The Moroccan army has set up an emergency field hospital to care for hundreds of strawberry packers who have tested positive for coronavirus over the last few days.
The outbreak in Kenitra province, north of the capital, Rabat, is the biggest so far recorded in Morocco which has seen only 10,000 cases since the pandemic began. It comes as restrictions are about to be eased in most parts of the country.
The Kenitra outbreak began with a trickle of cases in rural villages which prompted the authorities to carry out widespread testing at factories and other workplaces. As a result, 700 people were found to be infected – including 457 at a strawberry-packing plant run by a Spanish company, Frigodar, at 103 at Natberry, a similar plant run by another Spanish company.
Most of the cases are said to be mild but the field hospital is needed because Morocco has a policy of hospitalising everyone who tests positive, in order to prevent further transmission of the virus.
According to the Spanish news agency EFE, the field hospital is "in existing military installations" at Sidi Yahya el Gharb. A reporter observed "movement of ambulances, fire trucks and military vehicles" but no photographs were allowed. Previously-published photos of Moroccan field hospitals show lines of dark green tents.
The soft fruit industry employs about 25,000 people in the Kenitra area – almost all of them women – and is a major part of the local economy. It normally generates exports worth $500 million a year but has now come to a standstill.
Morocco's interior minister has ordered an inquiry amid claims that local officials mindful of the industry's economic importance were reluctant to enforce safety precautions that would have been costly for employers.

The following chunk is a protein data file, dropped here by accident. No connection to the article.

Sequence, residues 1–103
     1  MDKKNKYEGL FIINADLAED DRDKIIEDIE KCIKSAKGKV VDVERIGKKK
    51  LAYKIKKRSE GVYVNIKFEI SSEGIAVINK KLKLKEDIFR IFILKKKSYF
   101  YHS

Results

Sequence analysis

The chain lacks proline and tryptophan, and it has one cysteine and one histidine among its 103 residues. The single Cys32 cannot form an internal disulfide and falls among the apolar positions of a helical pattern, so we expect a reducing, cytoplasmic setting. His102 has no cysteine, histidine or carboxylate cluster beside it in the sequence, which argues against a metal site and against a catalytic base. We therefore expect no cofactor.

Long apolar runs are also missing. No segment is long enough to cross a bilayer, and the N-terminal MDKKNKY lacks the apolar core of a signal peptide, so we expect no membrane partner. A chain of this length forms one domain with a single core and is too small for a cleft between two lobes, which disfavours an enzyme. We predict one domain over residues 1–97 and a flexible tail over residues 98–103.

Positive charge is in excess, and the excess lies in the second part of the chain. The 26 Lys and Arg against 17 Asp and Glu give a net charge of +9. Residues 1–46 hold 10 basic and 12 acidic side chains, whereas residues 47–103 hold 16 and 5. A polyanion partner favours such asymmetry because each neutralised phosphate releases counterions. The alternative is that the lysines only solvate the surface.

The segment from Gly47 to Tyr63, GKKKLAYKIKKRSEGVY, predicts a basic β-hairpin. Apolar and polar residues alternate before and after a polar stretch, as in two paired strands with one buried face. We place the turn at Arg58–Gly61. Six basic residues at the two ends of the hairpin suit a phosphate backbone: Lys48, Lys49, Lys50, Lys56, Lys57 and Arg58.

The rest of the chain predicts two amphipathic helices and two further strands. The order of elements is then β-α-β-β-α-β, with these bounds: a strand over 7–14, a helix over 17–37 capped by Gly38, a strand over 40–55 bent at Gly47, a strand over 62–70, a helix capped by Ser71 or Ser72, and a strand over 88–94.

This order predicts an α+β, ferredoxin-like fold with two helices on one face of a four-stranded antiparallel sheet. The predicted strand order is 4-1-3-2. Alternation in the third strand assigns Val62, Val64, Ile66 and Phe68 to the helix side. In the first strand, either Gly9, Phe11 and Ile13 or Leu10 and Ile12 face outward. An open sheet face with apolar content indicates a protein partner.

Mohammed al-Amouri, head of the Red Fruits Inter-Professional Federation, maintains that the industry followed government instructions and blames the health ministry for not carrying out more tests when the first few Covid-19 cases were detected among strawberry packers in May.
Jerónimo Díaz, manager of Frigodar, told EFE news agency that his company had introduced various precautionary measures, including separation screens, compulsory face masks and temperature checking. A photo taken inside the plant shows workers in protective clothing separated by screens.
However, EFE also quotes Abdelali El Karkri, head of the region's Network of Development Associations as saying women at the packing plants gather together for meal breaks where they don't observe social distancing.
Another problem, highlighted by both Karkri and Diaz, is the minibuses that transport women from their villages to the packing plants. During the epidemic they are supposed to operate at 50% of seating capacity but according to Kzarkri, at the height of the strawberry season drivers remove the seats – which allows them to cram in as many as 40 passengers.